Rep. Kendrick Meek won tonight’s grueling Democratic primary battle for Florida’s vacant U.S. Senate against self-funded billionaire and Florida politics newcomer Jeff Greene. Meek has earned 55 percent of the nearly 500,000 votes cast so far, compared to 33 percent for Greene, both unofficial numbers posted by the state Division of Elections.

The contest focused largely on each candidate’s experience, personality, and background. Meek went after Greene for everything from profiting off the collapsed housing market in Florida by making investments anticipating that the real estate bubble would burst, to his spotty record as a Democrat (he ran for Congress in California as a Republican in 1982), to his short tenure in Florida (he became a resident three years ago).

Greene took aim at Meek’s record as a U.S. representative, his association with a now-convicted developer who employed Meek’s mother, and numerous allegations of self-dealing as a congressman, including accusations he misused taxpayer funds to lease a car in Florida.

Both the state and national Democratic parties officially endorsed Meek. That support, along with high-profile assists from national figures like former President Bill Clinton, helped the candidate withstand a barrage of more than $23 million worth of TV and radio ads launched by the Greene campaign. In contrast, Meek only spent about $3.5 million during the primary.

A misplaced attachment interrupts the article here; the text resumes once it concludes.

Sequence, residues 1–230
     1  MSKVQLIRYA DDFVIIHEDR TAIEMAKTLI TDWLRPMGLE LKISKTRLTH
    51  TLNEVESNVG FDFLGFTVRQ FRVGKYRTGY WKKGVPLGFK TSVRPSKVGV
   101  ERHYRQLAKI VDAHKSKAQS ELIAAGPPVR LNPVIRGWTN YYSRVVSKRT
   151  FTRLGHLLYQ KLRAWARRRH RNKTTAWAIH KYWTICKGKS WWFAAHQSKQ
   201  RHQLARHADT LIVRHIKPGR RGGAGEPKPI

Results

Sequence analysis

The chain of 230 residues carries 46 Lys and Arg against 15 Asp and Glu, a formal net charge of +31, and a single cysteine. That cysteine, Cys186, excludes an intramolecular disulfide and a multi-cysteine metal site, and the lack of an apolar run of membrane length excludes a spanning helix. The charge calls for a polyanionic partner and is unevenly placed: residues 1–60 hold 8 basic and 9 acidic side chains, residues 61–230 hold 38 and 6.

That leaves him with about $2.5 million left as he enters what promises to be an even tougher battle against two well-funded, experienced, and well-rested candidates in the general election: Republican Marco Rubio and independent Charlie Crist — neither of whom faced primary opposition. Rubio has about $4.5 million cash on hand, while Crist has about $8 million.

Crist’s run complicates things. He was elected governor of Florida as a Republican but has left the party and struck out on his own, potentially luring coveted independent and swing voters from both parties. Crist has been reaching beyond Republican and independents, to woo middle-of-the-road Democrats with some apparent success.

So Meek emerges into this three-way race behind in the polls. He averages 17 percentage points, compared to 35.4 for Rubio and 34 for Crist, according to an average of five polls compiled by the website Real Clear Politics. He’s also behind in fundraising and has the least name recognition of the top three candidates.

“It’s the best spot he’s been in since Crist got into the race,” says Thomas Eldon, of SEA Polling, a Democratic polling firm that has no affiliation with the Senate race. “It’s the best spot he’s been in since the entire election.”

That’s because the primary galvanized Democratic support for him that he maybe did not have a month ago, and that may open up new donors. But Meek risks losing voters to Crist if he doesn’t appear to be winning. “The question is how long that support can that be sustained if he doesn’t keep competitive poll numbers,” Eldon says.

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